I've mentioned before how much conference attendees love their phones. They love checking-in, posting photos, looking up places to eat...they love everything about their phones. So, it isn't a surprise that the opposite is also true. Attendees hate when they can't use their phones. I once attended an event that was held in the basement level of a very large Chicago hotel. The event organizers had thought of everything – excellent speakers, delicious food, even some really world class entertainment. By all accounts, the event was a huge success. However, since the event was held in the lower level and the organization hadn’t sprung for wifi, you could generally find 1/5 of the conference attendees standing at the top of the stairs searching for reception/coverage. Conference attendees are generally busy professionals who expect and are expected to remain in constant communication. No access to a network can leave your attendees high and dry.
Now, I understand why hosts are reluctant to provide wifi at their events...it's expensive. Expensive enough to leave an appreciable dent in their budget. When making important budget choices, it can be easy to cross out wifi in order to save some cash. However, these costs can be minimized with careful planning and consideration. First, consider a facility that offers free wifi. I know this is becoming virtually unheard of (especially in big cities), but there are a few places where free wifi is a reality. Harpole’s Heartland Lodge is one of them! When I visited the lodge a few weeks ago (for our fantastic Girls Weekend), I was thrilled to rediscover that the lodge had free wifi. This meant that I could Google image search what a morel mushroom looked like without eating up any data! For professionals attending a board meeting or retreat, free wifi can be quite the luxury. You can get work done before a meeting, check your e-mail on the fly, and if you are spending the night, fall asleep by the warm glow of your iphone (like I do). I was recently asked to speak at a social media workshop. I was hoping to be able to do my presentation in Prezi, but was aware that many venues don’t provide internet access. So, I showed up with a more tradition Power Point presentation. Much to my surprise, the event did feature free wifi, not just for speakers but for all attendees. Not only was I able to do the far more interesting Prezi, but attendees were able to visit the website I recommended in real time, access handouts on their devices and even put my contact information directly into their phones!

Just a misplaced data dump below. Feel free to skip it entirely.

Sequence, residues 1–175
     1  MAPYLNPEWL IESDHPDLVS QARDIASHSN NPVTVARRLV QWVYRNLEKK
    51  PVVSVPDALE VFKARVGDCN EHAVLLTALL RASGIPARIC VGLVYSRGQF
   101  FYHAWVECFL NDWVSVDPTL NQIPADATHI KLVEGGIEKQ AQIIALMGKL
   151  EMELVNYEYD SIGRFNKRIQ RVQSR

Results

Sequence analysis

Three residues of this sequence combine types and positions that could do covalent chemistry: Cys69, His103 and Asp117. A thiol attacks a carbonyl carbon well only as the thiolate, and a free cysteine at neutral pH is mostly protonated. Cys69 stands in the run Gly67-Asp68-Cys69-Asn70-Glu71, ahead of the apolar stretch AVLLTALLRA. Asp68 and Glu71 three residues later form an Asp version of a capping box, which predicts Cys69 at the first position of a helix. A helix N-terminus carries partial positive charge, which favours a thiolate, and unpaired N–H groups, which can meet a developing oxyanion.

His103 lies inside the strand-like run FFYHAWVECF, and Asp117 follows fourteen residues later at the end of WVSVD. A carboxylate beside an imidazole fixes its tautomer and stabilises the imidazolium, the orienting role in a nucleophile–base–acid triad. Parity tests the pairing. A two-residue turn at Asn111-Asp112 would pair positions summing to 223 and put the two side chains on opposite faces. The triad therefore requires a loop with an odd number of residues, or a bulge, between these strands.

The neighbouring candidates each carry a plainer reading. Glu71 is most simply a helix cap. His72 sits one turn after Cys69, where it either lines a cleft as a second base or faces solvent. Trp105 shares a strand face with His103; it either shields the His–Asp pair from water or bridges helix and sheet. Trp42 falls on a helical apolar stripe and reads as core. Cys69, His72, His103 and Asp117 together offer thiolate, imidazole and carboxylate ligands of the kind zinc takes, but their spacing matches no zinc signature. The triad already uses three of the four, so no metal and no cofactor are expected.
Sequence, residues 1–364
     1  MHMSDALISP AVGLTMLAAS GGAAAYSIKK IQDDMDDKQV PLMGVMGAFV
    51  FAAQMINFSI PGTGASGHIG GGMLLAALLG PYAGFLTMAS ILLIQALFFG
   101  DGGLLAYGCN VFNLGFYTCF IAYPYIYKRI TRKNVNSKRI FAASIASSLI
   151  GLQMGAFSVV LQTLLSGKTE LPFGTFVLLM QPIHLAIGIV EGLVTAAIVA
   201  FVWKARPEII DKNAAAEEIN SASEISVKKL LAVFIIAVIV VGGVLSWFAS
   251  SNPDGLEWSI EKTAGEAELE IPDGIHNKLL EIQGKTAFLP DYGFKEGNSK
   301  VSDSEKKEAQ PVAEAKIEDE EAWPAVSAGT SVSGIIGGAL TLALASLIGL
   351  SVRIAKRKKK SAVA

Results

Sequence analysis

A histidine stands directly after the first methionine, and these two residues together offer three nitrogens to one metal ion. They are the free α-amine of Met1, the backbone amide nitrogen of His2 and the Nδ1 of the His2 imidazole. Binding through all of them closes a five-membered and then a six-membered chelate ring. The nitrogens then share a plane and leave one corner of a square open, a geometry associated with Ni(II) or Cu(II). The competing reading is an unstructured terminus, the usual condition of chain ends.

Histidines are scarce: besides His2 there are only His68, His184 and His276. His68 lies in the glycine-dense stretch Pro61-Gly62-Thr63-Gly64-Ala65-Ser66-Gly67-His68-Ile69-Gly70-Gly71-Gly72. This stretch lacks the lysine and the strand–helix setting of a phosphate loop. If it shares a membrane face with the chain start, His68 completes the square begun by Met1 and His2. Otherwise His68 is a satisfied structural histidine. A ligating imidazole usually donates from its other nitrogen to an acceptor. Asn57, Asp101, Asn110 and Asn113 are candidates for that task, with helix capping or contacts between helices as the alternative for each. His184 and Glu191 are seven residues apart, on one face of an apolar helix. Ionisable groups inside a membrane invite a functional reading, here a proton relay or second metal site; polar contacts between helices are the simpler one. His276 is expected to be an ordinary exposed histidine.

So, what do you do if you can’t find a facility with free wifi to meet your needs? Well, for one thing, make sure there is at least cell phone reception in your event space! Where free wifi may be a luxury, phone reception is close to a necessity. There is nothing worse than having to stand in a crowded, noisy lobby to be able to take a call from work! Once you have established that there is cell phone reception, work with your venue to see if you can provide wifi in specific areas. They may offer it free in common areas or perhaps you can get a more reasonable rate by only getting wifi in certain rooms.
Wifi is especially important to consider if you are intending social media to play a role in your event. When we ask our attendees to use our conference app, tweet, tag or blog about an event, an expectation is created. After all, if social media is important to your event, shouldn’t the event support it? Two years ago I attended a conference with an entire track dedicated to social networking. As far as social media went, they did everything right. They had an event hashtag, gave prizes for checking in, had live polling in sessions, and gamification in the exhibit hall. They even had monitors around with a constant feed from people who were blogging, tweeting, or posting about the event. What they didn’t have was wifi. Not in the session rooms. Not in the common areas. Nothing. Conference organizers and diehard fans were happy to participate using their own data plans, but I couldn’t help but notice what a turn off this was to others.
Whatever your wifi/coverage situation is, be sure to share the info with others. When you send confirmation e-mails to registrants, be sure to let them know what they can expect. This will allow attendees to plan and prepare accordingly.